Monarchianism

The name is applied to a second- and third-century theological movement centered chiefly in Asia Minor and Rome, but also common elsewhere. The term “Monarchians” was coined by Tertullian in the third century. While the word can sustain an orthodox view of the Trinity, it usually described those who opted for a unipersonal rather than trinitarian view of the divine nature in order to preserve the unity of God.

Two forms of the doctrine are discernible. First, Adoptianist or Dynamic Monarchianism, which centers on the problems raised by Christology in early Christian times. In this view Jesus is regarded as a unique man who was divinely energized by the Holy Spirit (usually thought of as occurring at his baptism) and called to be the Son of God. Theodotus of Byzantium expounded such a view at Rome, about a.d. 210. Similar views were held by Paul of Samosata.* Much earlier the Ebionites* and Cerinthus* (a contemporary of the Apostle John at Ephesus) maintained that Jesus was a divinely energized Galilean. 1 John condemns this viewpoint (cf. 5:6).

Second, Modalistic Monarchianism, Patripassianism, or Sabellianism.* The incarnation of God the Father was put forward in an effort to maintain both the divinity of the Son and the unity of God. This view was influential at Rome about a.d. 200 through Noetus,* Praxeas,* and Sabellius. It was vigorously opposed by Tertullian* in North Africa and Hippolytus* at Rome. The Patripassian nickname relates to Tertullian's gibe that by his teaching Praxeas “put the Paraclete to flight and crucified the Father.” The Modalist appellation concerns their representation of God as revealed at one time under the mode of Father, at another under the mode of Son, and at another under the mode of the Holy Spirit. According to Hippolytus, Noetus taught that if Christ is God, he is surely the Father, or else not God; therefore, if Christ suffered, then God suffered.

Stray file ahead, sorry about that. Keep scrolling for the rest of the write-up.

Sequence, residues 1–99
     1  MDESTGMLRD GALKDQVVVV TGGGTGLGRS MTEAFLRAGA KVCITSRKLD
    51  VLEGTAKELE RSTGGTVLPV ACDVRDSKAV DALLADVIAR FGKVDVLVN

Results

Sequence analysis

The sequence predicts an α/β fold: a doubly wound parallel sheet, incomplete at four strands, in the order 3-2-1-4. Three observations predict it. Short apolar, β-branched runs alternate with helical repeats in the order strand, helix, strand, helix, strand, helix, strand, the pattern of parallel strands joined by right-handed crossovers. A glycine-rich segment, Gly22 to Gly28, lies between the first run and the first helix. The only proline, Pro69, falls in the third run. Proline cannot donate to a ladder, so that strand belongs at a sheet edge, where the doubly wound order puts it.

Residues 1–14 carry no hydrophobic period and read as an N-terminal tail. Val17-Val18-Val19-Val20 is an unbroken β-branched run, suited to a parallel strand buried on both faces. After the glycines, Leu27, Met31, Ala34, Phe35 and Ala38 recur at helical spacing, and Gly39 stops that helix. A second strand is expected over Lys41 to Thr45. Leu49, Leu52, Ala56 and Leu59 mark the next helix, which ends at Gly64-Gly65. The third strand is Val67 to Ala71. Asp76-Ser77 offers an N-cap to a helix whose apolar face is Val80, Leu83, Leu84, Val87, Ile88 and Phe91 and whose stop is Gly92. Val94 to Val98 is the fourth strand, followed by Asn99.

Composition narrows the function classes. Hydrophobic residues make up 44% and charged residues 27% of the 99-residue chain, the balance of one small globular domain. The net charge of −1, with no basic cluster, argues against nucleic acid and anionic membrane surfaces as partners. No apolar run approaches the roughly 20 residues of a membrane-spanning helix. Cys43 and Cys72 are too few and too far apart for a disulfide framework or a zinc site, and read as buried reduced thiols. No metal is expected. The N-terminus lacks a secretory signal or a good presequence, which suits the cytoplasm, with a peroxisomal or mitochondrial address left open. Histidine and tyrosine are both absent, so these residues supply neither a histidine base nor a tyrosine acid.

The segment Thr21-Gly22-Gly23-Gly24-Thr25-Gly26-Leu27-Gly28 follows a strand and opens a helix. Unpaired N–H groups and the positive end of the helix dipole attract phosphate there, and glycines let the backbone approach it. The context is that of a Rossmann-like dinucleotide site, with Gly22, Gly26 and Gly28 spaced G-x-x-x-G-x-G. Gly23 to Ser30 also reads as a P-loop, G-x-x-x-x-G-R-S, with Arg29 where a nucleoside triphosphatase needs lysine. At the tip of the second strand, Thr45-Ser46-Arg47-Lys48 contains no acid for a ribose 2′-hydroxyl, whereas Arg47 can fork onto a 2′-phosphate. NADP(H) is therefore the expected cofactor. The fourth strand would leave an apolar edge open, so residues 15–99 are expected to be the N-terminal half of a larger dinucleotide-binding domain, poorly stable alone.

Dynamic and Modalistic Monarchianism represented erroneous early attempts to assimilate the empirical facts of the Christian faith associated with the person of Jesus Christ and the Pentecostal descent of the Spirit to an unrevised notion of unity. The facts of the biblical revelation demanded recognition to the full personhood of the Father, the Son, and the Holy Spirit. Only gradually did Christians acquire categories and a language adequate to the new revelation.

See Incarnation; Trinity; Subordinationism.

G. L. Prestige, Fathers and Heretics (1940); H. Bettenson, Documents of the Christian Church (1946); H.E.W. Turner, The Pattern of Christian Truth (1954); J.N.D. Kelly, Early Christian Doctrines (1958); B. Altaner, Patrology (1958).